Oden Vs Bynum: Who Will Have The Bigger Impact

Sean StancillSenior Writer ISeptember 9, 2008

Both the Portland Trail Blazers and the Los Angeles Lakers surpassed expectations last season and with both teams expecting returns from their young stars this upcoming season, their goals are even higher.


Last year, the two highly touted prospects suffered untimely knee surgeries that prematurely ended their seasons—in Greg's case before it ever got underway.


Bynum averaged 13.1 PPG, 10.2 RPG, 2.1 BPG midway through his breakout season.


Along with Kobe Bryant and Lamar Odom, Bynum was the catalyst of the Lakers offense.


Originally estimated as 6 weeks for his recovery time, Andrew was held out of the remainder of the regular season and the postseason for fear of coming back undeveloped and re-aggravating the knee.


After the Lakers learned of Bynum's injury, Los Angeles masked their hole in their frontcourt by acquiring Spaniard Pau Gasol from the Grizzlies at the deadline in the most popular trade in the NBA last season.


Los Angeles steamrolled their way to the Finals last season, and many fans and critics around the league felt that if Bynum would have returned, it would have been a completely different series with an equally different outcome.


However, many overlook Andrew's injury and how it was actually a blessing in disguise.


If the former high school phenom never would have been sidelined, Lakers General Manager Mitch Kupchak would not have conversed with Memphis and pulled the trigger on the Gasol deal.


While unquestionably, Bynum returning to the starting lineup will benefit the Lakers, it won’t drastically change the style of play the Lakers have been playing or be a monumental event.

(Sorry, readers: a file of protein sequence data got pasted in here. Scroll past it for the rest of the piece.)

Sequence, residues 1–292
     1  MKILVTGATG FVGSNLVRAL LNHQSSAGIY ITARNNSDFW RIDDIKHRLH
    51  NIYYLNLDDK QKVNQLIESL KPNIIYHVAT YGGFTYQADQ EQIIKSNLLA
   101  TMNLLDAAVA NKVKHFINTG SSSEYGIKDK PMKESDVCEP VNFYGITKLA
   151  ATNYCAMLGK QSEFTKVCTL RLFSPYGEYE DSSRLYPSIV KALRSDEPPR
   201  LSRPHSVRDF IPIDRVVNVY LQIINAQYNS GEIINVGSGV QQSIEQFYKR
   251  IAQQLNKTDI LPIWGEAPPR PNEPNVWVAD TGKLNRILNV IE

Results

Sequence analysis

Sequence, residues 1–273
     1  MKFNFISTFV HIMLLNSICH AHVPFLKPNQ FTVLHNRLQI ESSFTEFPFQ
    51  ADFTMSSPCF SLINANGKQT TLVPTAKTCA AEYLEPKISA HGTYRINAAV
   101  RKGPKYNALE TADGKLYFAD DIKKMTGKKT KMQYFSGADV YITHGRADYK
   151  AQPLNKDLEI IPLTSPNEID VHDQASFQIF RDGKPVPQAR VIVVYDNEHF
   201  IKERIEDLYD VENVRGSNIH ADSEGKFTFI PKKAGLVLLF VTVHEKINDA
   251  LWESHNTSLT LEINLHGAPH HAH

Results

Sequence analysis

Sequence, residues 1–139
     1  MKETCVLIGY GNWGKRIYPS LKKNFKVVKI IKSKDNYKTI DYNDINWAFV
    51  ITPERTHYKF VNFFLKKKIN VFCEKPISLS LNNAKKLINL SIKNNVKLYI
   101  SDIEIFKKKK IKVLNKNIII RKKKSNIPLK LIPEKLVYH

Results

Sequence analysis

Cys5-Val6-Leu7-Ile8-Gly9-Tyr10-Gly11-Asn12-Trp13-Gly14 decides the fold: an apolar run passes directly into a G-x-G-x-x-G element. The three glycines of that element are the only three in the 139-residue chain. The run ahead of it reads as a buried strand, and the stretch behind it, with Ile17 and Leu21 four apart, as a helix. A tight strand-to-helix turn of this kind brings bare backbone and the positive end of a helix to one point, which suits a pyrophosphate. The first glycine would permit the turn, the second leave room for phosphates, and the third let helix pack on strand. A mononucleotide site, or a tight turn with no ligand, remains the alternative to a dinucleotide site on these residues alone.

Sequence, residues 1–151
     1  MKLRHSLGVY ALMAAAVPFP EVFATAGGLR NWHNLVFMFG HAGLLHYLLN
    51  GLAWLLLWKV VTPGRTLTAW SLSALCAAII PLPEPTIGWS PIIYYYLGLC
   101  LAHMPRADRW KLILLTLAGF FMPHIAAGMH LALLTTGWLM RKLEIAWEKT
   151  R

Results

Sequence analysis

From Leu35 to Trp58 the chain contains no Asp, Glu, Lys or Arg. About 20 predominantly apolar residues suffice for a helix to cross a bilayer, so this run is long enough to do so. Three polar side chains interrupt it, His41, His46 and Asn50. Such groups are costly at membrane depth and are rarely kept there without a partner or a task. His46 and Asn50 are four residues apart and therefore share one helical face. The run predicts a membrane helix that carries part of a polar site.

The Lakers were already the best team in the Western Conference, finishing fourth in points per game, first in defensive rebounds, and fifth in the league in blocks per game last season


Los Angeles received good news last week when Andrew Bynum was quoted as saying “My knee is 100% healthy.”


The spectacle after the Summer League last year cost Greg Oden his first year of eligibility as a pro, crushing fans and General Manager Ken Pritchard's pipe dreams of postseason play.


However, Greg is finally healthy and has been competing in team scrimmages after being held out of action for more than 7 months.


Lebron James's face apparent, Oden averaged 15.7 PPG, 9.6 RPG, 3.3 BPG in his only season as a collegiate pro with the Ohio State Buckeyes.


Second year player Lamarcus Aldridge gained the most from Oden’s absence, averaging 17.6 PPG, 7.6 RPG, and 1.2 BPG last season, but could not imitate the shot blocking, intimidating force that is Greg Oden.


As a result, the Blazers were bullied on the boards, and for the third time in the last four seasons, Portland was out-rebounded by their opponents.


The Blazers were simply atrocious on defense last season—23rd in defensive rebounds per game, 18th in offensive rebounds per game, 25th in total rebounds per game, and eighth in opponents points scored against.


Opponents also shot an inviting 45.1% from the field, translating into headaches for head coach Nate McMillan. For those very reasons, Greg Oden will have the bigger impact returning this season.


Standing 7'1" and weighing 270lbs, Oden runs the floor exceptionally well for a big man and brings a passion to the game that is heavily envied by coaches and general managers around the NBA.


He uses his length to frustrate and disorientate fellow big men, as well as to effortlessly hoard rebounds off the glass.


His commitment and dedication to basketball is unmatched, evident of his signature ''volleyball diving'' like blocks against the opposition.


The former High School Player of the Year has been itching to step back onto the hardwood, since his impressive Summer League debut, last July.


On an unrelated note, the duo become free agents after this season, but to put all speculations to rest, it appears the teenage towers won't be departing their teams anytime soon.


Although out of the realm of fantasy, could you imagine Andrew and Greg on the same team, or even in the same division?


All patched up and fully recovered from knee surgeries, Greg Oden and Andrew Bynum look to make their highly anticipated returns to center stage on the league's opening day, October 28.